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United States Court of Appeals, Eleventh Circuit.

UNITED STATES OF AMERICA, Plaintiff-Appellee, v. EYAD FARAH, Defendant-Appellant.

No. 15-15702

Decided: October 05, 2016

Before TJOFLAT, WILSON, and JILL PRYOR, Circuit Judges.

Eyad Farah appeals the 37-month sentence he received after pleading guilty to (1) conspiracy to unlawfully export firearms, in violation of 18 U.S.C. § 371 and 22 U.S.C. § 2778(b)(2) and (c); (2) attempt to unlawfully export firearms without a license, in violation of 22 U.S.C. § 2778(b)(2) and (c); and (3) aiding and abetting the fraudulent exportation of firearms, in violation of 18 U.S.C. §§ 554 and 2.

On appeal, Farah argues that his sentence is both procedurally and substantively unreasonable. He first asserts that his sentence is procedurally unreasonable because the district court failed to consider the 18 U.S.C. § 3553(a) factors. Second, Farah argues that his sentence is substantively unreasonable because, under the totality of the circumstances, a 37-month sentence is excessive given his history, the character and nature of his offenses, and the fact that he is a first-time offender who played a minor role in a much larger conspiracy. After careful review of the record and the parties' briefs, we affirm.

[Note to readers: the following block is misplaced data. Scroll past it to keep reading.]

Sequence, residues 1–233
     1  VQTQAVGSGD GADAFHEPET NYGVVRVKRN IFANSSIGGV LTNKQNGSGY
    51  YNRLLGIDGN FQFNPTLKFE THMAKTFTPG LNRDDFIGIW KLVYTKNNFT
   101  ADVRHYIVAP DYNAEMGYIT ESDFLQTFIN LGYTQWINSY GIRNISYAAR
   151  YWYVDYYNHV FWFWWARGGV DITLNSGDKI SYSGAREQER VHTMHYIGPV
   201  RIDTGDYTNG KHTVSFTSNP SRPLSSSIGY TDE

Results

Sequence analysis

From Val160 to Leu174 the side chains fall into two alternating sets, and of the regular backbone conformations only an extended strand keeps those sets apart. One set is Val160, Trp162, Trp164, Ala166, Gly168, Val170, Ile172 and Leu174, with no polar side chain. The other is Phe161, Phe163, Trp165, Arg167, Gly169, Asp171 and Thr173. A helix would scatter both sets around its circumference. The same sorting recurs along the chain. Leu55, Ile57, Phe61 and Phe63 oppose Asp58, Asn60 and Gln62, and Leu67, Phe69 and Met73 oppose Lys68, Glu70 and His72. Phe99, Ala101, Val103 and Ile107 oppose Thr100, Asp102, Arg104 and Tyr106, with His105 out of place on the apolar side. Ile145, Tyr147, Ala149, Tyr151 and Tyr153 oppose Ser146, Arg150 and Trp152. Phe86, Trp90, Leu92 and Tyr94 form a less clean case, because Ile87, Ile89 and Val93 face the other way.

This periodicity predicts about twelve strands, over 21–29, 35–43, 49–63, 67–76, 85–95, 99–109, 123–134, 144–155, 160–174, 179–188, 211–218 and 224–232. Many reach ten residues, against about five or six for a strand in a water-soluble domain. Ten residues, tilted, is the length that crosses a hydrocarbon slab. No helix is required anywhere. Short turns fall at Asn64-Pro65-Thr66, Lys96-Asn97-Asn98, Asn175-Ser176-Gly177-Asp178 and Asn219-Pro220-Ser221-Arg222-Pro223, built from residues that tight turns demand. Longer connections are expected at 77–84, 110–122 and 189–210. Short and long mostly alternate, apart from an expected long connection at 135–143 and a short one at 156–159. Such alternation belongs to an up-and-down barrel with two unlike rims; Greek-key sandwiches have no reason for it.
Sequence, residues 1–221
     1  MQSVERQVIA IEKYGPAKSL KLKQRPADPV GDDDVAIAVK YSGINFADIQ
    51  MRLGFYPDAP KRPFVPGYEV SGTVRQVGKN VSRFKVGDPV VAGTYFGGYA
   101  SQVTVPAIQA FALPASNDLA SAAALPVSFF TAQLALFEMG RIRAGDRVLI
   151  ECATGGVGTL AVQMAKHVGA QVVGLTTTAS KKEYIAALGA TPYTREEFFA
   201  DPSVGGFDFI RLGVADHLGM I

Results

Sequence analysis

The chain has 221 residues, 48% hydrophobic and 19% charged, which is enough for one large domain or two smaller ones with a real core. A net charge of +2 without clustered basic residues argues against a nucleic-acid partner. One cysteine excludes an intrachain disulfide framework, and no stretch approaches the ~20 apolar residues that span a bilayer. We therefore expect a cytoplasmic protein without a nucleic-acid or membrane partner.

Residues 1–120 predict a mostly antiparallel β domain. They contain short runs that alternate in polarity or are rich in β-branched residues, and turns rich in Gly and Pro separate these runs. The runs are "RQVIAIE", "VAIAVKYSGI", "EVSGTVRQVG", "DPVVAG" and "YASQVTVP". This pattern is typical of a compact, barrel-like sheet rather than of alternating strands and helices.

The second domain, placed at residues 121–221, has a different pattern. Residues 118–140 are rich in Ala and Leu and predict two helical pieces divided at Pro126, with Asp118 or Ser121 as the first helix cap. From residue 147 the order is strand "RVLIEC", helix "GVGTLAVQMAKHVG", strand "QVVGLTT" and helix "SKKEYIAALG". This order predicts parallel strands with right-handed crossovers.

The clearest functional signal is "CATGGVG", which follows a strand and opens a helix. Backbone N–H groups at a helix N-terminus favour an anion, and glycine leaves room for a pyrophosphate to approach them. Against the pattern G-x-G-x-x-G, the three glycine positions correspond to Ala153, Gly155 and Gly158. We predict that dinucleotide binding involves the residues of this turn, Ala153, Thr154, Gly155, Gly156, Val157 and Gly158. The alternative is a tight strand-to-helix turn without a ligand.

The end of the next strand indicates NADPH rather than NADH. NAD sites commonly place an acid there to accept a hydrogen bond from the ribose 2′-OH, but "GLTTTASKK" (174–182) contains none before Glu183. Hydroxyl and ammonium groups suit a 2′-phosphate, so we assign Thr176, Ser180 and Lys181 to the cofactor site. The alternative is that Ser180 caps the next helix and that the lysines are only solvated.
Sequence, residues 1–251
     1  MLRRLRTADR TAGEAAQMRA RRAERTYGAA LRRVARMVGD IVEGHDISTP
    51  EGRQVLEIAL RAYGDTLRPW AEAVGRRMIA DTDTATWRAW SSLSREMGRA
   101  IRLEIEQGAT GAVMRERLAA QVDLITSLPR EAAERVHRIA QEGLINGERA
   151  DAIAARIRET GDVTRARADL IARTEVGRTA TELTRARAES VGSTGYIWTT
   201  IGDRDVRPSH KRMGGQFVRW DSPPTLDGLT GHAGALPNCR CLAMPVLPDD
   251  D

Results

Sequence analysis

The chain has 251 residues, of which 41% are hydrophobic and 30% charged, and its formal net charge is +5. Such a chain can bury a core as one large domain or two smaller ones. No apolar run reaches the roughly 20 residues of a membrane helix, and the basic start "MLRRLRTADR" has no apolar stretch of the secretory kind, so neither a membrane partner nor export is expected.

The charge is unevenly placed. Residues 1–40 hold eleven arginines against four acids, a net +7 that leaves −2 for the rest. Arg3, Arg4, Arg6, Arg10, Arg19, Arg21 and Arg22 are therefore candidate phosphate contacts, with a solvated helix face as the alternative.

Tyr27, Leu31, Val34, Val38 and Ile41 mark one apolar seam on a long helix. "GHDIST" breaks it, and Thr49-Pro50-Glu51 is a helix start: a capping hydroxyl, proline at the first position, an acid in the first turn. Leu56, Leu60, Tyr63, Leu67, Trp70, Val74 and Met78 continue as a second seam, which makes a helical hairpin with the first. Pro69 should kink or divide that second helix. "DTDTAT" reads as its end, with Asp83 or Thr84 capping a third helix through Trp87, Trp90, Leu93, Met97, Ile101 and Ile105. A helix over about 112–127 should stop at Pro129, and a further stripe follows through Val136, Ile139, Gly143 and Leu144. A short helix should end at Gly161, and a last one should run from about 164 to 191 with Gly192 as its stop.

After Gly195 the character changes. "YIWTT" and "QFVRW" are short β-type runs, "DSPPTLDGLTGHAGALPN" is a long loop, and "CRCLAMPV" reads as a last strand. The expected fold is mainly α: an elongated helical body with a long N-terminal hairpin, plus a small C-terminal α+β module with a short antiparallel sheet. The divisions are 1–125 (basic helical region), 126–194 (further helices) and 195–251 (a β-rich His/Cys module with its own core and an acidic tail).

I. Procedural Reasonableness

We review the reasonableness of a sentence under a deferential abuse-of-discretion standard. See Gall v. United States, 552 U.S. 38, 51, 128 S. Ct. 586, 597 (2007). A sentence is procedurally unreasonable if the sentencing court, inter alia, fails to consider the factors set forth in 18 U.S.C. § 3553(a) or fails to adequately explain the sentence. Id. “The party challenging the sentence bears the burden to show it is unreasonable in light of the record and the § 3553(a) factors.” United States v. Tome, 611 F.3d 1371, 1378 (11th Cir. 2010).

The district court is not required to explicitly state or discuss on the record that it has considered each of the § 3553(a) factors. See United States v. Docampo, 573 F.3d 1091, 1100 (11th Cir. 2009). Rather, it is sufficient for the district court to simply acknowledge that it has considered the § 3553(a) factors as well as the defendant's arguments. United States v. Sarras, 575 F.3d 1191, 1219 (11th Cir. 2009). However, the sentencing court should still “set forth enough to satisfy the appellate court that [it] has considered the parties' arguments and has a reasoned basis for exercising [its] own legal decisionmaking authority.” United States v. Livesay, 525 F.3d 1081, 1090 (11th Cir. 2008) (internal quotation marks omitted). A district court commits no reversible error for failing to articulate the applicability of the § 3553(a) factors so long as the record demonstrates that the court took the factors into consideration. See United States v. Smith, 568 F.3d 923, 927–28 (11th Cir. 2009).

Farah's sentence is procedurally reasonable. Farah asserts that the district court erred by failing to consider the § 3553(a) factors, namely the factor regarding the kinds of sentences available. However, the record demonstrates that the district court did consider the available sentences. Specifically, the district court noted that it reviewed and considered the presentence investigation report and Farah's sentencing memorandum, which discussed the possibility of house arrest or probation. Moreover, the district court explicitly rejected house arrest and probation at the sentencing hearing, finding them inappropriate under the circumstances. Based on this record, the district court fulfilled its obligation to take the § 3553(a) factors into account. See id.